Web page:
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Editor's note: I wrote this actually in May but got really busy towards the end of May, then went on a long break to work and travel in the USA from early June to mid Spetember. But I will post this anyway for archival sake :)

Kendrick Lamar - Mr. Morale & The Big Steppers

Genre: Hip-hop

Possibly the biggest album of the year is Kendrick Lamar's fifth studio album, following his most commercially and critically acclaimed album DAMN. though as time has passed I think his previous two efforts are generally held in higher regard. What's cool about Mr. Morale & The Big Steppers is that Kendrick's not really holding anything back on this release, deconstructing his role in hip-hop culture and holding himself accountable for a troubled past, which he easily could've brushed aside given his status as the no. 1 in hip-hop.

While the album's theme of inward self-acceptance is apparent, it's a lot less focused as an album compared to his previous records. The unruliness means it's varied and you don't know what sort of track you're getting next. There's excellent production throughout and well chosen guest appearances. It's probably the least mainstream appealing Kendrick album, some tracks in particular relish in uncomfortable topics and there's only a few songs I could see fitting in on radio playlists. But that makes it al the more compelling as a personal statement.

Everything Everything - Raw Data Feel

Genre: Indie Pop / Rock

This is the sixth album from British experimental rock/pop group Everything Everything and doesn't show any signs of their creativity slowing down. For me, it's their most consistent record since their best regarded album Get to Heaven. Varied instrumentation, massive hooks and puzzling, funny lyrics. Apparently a AI was used to generate lyrical inspiration for this album, hardly a new idea as Radiohead did it back in 2000 for Kid A, but the results are a lot more odd and comical here. It's a really fun album and I'm glad to see the band back to such a strong standard.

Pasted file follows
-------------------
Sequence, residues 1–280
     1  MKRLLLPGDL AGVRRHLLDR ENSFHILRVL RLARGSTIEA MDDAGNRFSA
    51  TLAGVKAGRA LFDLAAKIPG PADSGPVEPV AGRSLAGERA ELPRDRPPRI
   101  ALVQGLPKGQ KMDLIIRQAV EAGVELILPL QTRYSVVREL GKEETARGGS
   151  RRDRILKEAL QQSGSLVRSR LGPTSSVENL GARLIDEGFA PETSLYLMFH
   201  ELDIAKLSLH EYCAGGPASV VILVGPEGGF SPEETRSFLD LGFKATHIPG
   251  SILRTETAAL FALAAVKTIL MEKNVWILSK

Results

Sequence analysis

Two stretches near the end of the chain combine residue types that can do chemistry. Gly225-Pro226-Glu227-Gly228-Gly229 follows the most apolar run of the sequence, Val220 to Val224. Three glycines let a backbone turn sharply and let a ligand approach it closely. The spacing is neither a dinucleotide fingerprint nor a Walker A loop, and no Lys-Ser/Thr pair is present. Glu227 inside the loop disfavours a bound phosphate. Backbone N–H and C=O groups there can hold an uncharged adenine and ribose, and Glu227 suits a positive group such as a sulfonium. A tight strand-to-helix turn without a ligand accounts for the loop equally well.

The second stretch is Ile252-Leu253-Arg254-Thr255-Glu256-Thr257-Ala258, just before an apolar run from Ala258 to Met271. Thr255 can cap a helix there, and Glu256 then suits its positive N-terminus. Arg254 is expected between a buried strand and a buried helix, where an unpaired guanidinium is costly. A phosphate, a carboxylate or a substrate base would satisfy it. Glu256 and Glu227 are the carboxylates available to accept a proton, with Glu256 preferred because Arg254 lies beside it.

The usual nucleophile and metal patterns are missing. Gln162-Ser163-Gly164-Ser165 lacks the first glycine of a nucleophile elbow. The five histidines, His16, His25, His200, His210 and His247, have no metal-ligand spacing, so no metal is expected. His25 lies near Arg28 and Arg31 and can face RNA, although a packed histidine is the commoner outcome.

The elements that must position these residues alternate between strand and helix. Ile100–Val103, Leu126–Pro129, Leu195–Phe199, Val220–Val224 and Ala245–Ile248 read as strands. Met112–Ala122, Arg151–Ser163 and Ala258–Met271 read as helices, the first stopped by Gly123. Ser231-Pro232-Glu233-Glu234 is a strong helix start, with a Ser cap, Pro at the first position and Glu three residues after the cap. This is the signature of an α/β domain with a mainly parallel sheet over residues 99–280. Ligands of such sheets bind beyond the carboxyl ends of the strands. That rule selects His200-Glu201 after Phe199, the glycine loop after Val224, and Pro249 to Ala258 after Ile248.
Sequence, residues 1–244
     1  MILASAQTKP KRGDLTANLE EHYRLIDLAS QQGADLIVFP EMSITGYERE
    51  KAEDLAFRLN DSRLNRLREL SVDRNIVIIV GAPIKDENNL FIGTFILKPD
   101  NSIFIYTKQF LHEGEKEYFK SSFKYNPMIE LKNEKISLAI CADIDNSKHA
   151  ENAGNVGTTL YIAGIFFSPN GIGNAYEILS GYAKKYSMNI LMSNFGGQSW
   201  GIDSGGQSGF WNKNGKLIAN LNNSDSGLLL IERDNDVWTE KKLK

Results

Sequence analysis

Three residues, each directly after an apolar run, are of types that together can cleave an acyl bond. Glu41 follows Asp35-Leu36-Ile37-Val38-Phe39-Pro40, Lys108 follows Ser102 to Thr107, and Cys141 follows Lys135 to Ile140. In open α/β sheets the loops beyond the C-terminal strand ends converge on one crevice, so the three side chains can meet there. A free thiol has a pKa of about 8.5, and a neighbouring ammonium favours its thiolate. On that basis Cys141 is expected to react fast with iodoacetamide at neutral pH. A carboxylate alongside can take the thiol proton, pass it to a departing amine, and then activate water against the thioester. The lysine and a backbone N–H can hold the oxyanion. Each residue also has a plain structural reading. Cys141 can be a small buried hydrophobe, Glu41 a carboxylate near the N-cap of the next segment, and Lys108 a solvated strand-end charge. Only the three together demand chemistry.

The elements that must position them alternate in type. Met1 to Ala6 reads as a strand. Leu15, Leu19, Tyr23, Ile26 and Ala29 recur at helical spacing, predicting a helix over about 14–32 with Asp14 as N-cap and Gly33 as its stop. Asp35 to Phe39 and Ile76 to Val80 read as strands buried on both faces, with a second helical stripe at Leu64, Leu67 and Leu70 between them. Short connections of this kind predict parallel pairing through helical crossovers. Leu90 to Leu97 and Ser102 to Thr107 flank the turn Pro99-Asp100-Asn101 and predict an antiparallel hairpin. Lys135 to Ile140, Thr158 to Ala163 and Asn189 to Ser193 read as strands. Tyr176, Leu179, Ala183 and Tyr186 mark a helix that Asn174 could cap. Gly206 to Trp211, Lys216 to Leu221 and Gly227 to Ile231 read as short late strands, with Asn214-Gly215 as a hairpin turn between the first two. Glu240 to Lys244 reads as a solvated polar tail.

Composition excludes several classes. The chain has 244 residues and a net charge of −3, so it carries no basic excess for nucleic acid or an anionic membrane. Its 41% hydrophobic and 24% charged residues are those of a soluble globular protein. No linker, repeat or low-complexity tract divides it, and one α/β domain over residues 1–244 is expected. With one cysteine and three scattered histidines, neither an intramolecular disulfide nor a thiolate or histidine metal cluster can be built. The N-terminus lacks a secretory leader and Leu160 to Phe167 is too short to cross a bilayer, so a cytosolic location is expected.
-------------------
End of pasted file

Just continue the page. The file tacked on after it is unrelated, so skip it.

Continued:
Flume - Palaces

Genre: Electronic

Flume's music has always sounded great, but until his "mixtape" Hi This Is Flume was released it didn't feel like a full-length project really capitalized on his full appeal to make boundary pushing, but pop-friendly electronic music. Palaces mostly continues the trajectory of his mixtape with some of the coolest sounding electronic music you'll hear this year, with a pop edge.

Sometimes the pop angle leads to a few tracks being unremarkable, like the lead single Say Nothing which seems made for festival singalongs. But the instrumental tracks, and even some of the pop vocal assisted tracks like the opener Highest Building sound incredible. As a whole package this is for sure Flume's most exciting "album", as long as you don't make the arbitrary distinction between this and his last full-length effort which was a "mixtape". Regardless, probably not going to get much better pop-electronic fusion this year, and some of this is delightfully maximalist and weird.

Ethel Cain - Preacher's Daughter

Genre: Dream Pop, Indie Rock